Windows is a bit different. In your standard Windows Client to Windows VDI scenario, the Secure Attention Key is the same on both ends. In Windows, when the Secure Attention Key is invoked, there are different actions invoked by the kernel; we are only concerned with the happenings after a user is logged in, which is the invocation of Windows Security. From its humble origins, it has evolved into the familiar screen with options to lock, sign out, change your password, call up the task manager, and (in the XP successors) switch users. Importantly, Windows-L also invokes the Windows Security process, but to directly lock the system rather than present the familiar menu.
The important takeaway is that when this key is pressed, only one thing in the computer has the authority to intercept it: the kernel. There are, of course, ways to subvert the kernel and intercept the keystroke, but for malicious software that has made it to that point, intercepting a user’s password is inconsequential since, for all intents and purposes, it is the system at that point.
And so it is we return to my Technical Support Engineer from above. When he locked his machine with the intention of ensuring he didn’t return to a Justin Bieber background, he forgot that this was going to lock his VDI session as well. In the grand scheme of the universe, this is a minor inconvenience, but in our modern age of ultra-low latency systems that can render a 4K display at 60+ FPS and serve up the world at your fingertips, most end-users find it to be a near capital offense on the part of both the computer as well as the VDI Administrator that put it in front of them.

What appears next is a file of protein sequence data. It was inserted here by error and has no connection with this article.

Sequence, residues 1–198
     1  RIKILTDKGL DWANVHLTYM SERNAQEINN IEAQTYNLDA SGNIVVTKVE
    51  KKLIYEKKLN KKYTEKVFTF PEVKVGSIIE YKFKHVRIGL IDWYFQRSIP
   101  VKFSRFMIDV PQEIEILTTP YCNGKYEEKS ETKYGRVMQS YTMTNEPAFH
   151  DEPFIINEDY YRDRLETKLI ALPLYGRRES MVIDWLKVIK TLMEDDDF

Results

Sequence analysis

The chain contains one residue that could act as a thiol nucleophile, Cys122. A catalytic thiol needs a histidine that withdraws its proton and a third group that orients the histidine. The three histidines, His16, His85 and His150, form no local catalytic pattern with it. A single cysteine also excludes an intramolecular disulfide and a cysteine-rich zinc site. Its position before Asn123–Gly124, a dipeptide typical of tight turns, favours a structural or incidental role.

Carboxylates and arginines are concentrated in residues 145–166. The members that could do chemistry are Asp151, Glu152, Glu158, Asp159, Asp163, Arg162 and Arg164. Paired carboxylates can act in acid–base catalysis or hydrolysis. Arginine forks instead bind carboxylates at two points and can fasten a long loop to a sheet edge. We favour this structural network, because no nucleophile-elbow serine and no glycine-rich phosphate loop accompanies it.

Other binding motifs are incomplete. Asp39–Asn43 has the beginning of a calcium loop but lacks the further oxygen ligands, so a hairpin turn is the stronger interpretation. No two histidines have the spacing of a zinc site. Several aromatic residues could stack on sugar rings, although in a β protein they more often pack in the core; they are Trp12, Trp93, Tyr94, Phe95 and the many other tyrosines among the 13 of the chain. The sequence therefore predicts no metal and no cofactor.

The Mighty Keystrokes
In closing, if you’re using PCoIP, setting the PCoIP session variables to block Ctrl-Alt-Del is a simple thing, and the PCoIP engine will dutifully ignore the input and not relay it to the VDI OS’s kernel. Otherwise, it comes down to user training to click through the appropriate invocation of Lock via the Start menu of the version of Windows they are running. It won’t hurt to let them know they aren’t alone, and even we at VMware occasionally run afoul of the all-powerful Windows Security and its mighty keystrokes.